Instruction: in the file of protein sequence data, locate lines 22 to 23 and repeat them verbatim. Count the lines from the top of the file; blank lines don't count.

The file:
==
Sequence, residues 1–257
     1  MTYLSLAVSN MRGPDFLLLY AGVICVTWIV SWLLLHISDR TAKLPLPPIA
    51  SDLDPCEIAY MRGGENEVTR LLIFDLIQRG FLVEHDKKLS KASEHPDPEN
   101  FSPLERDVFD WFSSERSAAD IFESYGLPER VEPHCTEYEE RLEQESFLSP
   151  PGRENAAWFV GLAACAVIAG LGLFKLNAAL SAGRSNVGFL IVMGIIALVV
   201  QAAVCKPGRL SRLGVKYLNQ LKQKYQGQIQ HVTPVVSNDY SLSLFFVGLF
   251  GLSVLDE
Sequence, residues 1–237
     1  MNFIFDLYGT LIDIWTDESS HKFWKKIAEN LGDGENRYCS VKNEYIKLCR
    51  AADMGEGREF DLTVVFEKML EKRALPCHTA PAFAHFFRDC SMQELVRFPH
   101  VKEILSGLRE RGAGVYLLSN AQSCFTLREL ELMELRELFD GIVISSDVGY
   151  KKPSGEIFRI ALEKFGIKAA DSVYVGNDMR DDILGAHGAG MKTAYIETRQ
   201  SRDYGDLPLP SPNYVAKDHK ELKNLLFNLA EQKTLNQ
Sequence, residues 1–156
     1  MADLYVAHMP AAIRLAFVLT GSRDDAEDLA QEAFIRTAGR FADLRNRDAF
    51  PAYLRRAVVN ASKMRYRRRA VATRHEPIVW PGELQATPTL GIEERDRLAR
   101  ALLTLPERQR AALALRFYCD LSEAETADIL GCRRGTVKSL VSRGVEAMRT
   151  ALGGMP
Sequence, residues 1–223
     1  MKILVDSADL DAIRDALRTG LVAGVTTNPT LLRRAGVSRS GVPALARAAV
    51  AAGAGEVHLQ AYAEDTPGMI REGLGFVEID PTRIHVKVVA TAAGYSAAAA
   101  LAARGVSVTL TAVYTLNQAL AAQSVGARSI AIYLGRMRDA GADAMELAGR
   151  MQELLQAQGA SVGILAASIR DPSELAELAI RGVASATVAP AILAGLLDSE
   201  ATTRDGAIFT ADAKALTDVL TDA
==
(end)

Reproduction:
   101  LAARGVSVTL TAVYTLNQAL AAQSVGARSI AIYLGRMRDA GADAMELAGR
   151  MQELLQAQGA SVGILAASIR DPSELAELAI RGVASATVAP AILAGLLDSE